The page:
Diesel is cheaper to produce and used to be cheaper than gas in the U.S., but refinery damage, Katrina reconstruction (heavy equipment), home heating, and possibly the introduction of low-sulfur diesel are all hitting up diesel's price.

That E320 Bluetec sounds very promising.

hawk2100n
01-30-2006, 03:03 PM
One of the biggest efficency boosters of diesels is that lack of a throttle in the intake manifold. The vehicle can run at maximum airflow all of the time which reduces pumping losses. Gasoline engines have the throttle that compares to breating through a straw.

ViperSSD
01-30-2006, 05:08 PM
Last time my dad was in Munich, the rental he got was a 535d and he didn't know it was a diesel car till he came home and I told him.

ViperSSD
01-30-2006, 05:08 PM
Last time my dad was in Munich, the rental he got was a 535d and he didn't know it was a diesel car till he came home and I told him.

tierfreund
01-31-2006, 03:16 AM
One of the biggest efficency boosters of diesels is that lack of a throttle in the intake manifold. The vehicle can run at maximum airflow all of the time which reduces pumping losses. Gasoline engines have the throttle that compares to breating through a straw.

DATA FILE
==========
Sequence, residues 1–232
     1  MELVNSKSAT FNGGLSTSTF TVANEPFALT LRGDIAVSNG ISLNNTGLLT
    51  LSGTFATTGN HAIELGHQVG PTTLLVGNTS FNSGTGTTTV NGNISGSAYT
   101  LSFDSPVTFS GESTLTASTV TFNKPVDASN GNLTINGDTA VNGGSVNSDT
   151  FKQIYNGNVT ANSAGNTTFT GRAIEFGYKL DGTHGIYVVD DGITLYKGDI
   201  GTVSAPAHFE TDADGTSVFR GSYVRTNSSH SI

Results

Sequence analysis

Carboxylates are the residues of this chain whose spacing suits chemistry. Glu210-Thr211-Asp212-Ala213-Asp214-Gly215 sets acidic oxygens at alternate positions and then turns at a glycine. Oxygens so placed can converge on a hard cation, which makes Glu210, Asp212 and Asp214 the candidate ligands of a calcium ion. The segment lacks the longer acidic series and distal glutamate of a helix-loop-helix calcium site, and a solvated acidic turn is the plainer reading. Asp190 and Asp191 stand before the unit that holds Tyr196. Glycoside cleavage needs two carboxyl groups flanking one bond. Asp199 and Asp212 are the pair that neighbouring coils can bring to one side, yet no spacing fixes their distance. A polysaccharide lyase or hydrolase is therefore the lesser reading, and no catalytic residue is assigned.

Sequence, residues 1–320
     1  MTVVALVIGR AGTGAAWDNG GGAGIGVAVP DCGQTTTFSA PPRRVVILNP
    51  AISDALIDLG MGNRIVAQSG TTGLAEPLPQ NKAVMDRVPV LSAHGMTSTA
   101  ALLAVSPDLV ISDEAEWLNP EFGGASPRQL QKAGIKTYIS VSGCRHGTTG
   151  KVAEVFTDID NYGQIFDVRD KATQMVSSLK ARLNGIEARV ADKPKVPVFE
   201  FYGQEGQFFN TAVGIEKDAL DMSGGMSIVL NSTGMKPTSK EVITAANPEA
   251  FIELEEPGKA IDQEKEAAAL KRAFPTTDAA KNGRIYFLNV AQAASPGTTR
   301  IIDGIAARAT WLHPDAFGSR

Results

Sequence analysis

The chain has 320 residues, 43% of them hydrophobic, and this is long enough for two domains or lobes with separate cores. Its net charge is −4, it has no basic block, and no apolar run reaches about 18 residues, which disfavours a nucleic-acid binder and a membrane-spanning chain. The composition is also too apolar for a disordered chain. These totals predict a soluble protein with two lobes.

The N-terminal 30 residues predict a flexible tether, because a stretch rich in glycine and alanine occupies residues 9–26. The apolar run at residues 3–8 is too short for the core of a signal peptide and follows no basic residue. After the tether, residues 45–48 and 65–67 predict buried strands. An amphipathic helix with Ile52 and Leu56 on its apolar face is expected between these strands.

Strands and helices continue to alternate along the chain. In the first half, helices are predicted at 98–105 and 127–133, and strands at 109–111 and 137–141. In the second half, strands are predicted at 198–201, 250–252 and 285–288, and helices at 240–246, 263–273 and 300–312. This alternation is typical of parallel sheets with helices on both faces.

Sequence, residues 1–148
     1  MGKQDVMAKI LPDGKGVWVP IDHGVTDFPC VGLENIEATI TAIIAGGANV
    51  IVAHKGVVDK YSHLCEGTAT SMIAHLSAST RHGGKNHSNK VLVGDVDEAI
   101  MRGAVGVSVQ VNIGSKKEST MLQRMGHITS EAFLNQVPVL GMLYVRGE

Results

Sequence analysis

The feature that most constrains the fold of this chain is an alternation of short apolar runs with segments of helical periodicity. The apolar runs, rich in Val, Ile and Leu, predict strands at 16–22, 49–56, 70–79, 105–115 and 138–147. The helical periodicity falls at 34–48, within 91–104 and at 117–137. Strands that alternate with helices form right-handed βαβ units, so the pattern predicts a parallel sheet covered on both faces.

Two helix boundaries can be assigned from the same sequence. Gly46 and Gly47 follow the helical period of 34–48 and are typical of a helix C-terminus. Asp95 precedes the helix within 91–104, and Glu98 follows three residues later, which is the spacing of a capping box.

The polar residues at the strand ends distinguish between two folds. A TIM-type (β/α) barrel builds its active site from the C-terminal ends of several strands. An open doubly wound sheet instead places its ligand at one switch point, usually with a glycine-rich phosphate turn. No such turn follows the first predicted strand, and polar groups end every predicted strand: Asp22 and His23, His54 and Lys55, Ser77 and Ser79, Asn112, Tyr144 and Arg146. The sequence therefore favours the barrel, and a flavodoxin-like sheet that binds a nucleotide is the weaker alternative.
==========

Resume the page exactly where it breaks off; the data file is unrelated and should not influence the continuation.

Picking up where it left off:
The N52 engine in the E90 325 and 330 does not have a throttle either thanks to valvetronic (or rather it has a big throttle that is fully open for most engine load and rev conditions), thus eliminating that advantage of the diesel engine.

I think the BMW V8 and V12 engines have valvetronic and thus no throttle nowadays either.

niktee
01-31-2006, 07:00 AM
Not only is diesel fuel less expensive in Europe, diesel passenger vehicles are granted tax advantages over "petrol" engined vehicles. This accounts for the wild popularity of diesels in Europe. Here, as you know, we have neither lower diesel fuel prices or tax advantages to make it attractive to buy diesels.

hawk2100n
01-31-2006, 06:19 PM
The N52 engine in the E90 325 and 330 does not have a throttle either thanks to valvetronic (or rather it has a big throttle that is fully open for most engine load and rev conditions), thus eliminating that advantage of the diesel engine.

I think the BMW V8 and V12 engines have valvetronic and thus no throttle nowadays either.